Imagine yourself being interviewed for an entry-level police officer position by three high-ranking members of a police agency. You will respond to three different situations involving corruption. This assignment will help you apply what you have learned about ethical leadership to real-world situations. You will need to consider the scenarios carefully, craft an answer to each scenario, and have research to defend your answer. In an interviewing situation, the interviewer may challenge your answer, even if it is the appropriate answer. That is why it is important to have a prepared argument that includes supporting research.
You will need to respond to the following three situations.
Situation A: As a newly hired police officer, you respond to an alarm call at 3 a.m. with your field training officer. Upon arrival, you find that a pharmacy has been broken into, and when you walk inside, you see another officer already on scene. This officer, who you know has 30 years on the job, takes a candy bar worth $1 off the shelf and begins to eat it. It is clear that he did not pay for it and has no intention of leaving money behind.
Will you do or say anything about this situation? If you decide to do something, what will your action entail? If you decide to not react, provide a rationale for your choice.
Situation B: As a newly hired police officer, you work daily with a field training officer as well as three other officers on the 11 p.m.–7 a.m. shift. You have noticed on several occasions that there is an odor of liquor when one particular officer comes into the locker room before the shift. You have had conversations with him and he has told you that he goes out to dinner before he comes into work and has a couple drinks but that it is no big deal. This particular field training officer has a lot of experience and is trusted within the community and organization. When you were hired, you were told that the organization is implementing a plan to weed out corruption that is occurring in the field. The plan being implemented is not about officers drinking on the job, but you are concerned that if you do not say something regarding this behavior, he is going to hurt someone. You are worried that if you do say something, there may be retaliation against you.
Explain what you will do in this situation. Will you say something to your field training officer? Why or why not?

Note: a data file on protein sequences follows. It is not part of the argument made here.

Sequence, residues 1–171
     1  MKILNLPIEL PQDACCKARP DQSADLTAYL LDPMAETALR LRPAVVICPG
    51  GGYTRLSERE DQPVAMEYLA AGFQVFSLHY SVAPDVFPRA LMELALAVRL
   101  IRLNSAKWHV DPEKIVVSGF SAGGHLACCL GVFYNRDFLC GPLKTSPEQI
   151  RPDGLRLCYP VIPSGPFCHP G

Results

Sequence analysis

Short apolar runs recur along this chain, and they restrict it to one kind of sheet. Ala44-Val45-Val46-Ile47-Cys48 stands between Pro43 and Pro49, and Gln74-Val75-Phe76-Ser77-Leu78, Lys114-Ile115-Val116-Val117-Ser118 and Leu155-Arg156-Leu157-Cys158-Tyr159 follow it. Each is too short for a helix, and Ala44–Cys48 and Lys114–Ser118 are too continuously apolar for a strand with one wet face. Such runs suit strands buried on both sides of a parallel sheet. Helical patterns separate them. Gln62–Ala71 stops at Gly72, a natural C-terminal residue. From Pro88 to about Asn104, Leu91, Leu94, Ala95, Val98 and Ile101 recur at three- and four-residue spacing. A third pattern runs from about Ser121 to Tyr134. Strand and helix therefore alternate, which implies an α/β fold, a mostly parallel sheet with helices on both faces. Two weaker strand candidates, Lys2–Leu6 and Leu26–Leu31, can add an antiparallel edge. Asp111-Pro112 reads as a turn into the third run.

Situation C: For the final question of your interview, the interviewers tell you to pretend for a moment that you are the new chief of police in their police department. You are aware that the department has had numerous substantiated cases of corruption ranging from officers taking bribes from drug dealers to more minor offenses of officers accepting free food and coffee while they are on duty. You are also aware that one of your executive officers, a member of your management team, has been the subject of the highest number of investigations of corruption, but each time he has been exonerated.
Explain what actions you will take that will make an immediate impact on changing the culture of corruption within the department. What will you do long-term about this issue of corruption in your agency? Also explain how your actions in your professional and personal life will make it easier or more difficult for you to change the culture of corruption that exists in the agency.
Prompt: In your answers to each situation, pay attention to the following critical elements:
1. Articulate answers to potential employment interview questions regarding issues involving corruption. 2. Articulate realistic responses that would be fitting for a real interview. 3. Support your reasoning for your answers with the textbook or other source.
Refer to the Criminal Justice Library Tips for support in finding and citing outside resources.
Rubric Guidelines for Submission: This submission should be submitted in a 1–2-page Word document, double-spaced, in 12 point Times New Roman Font, and follow APA formatting.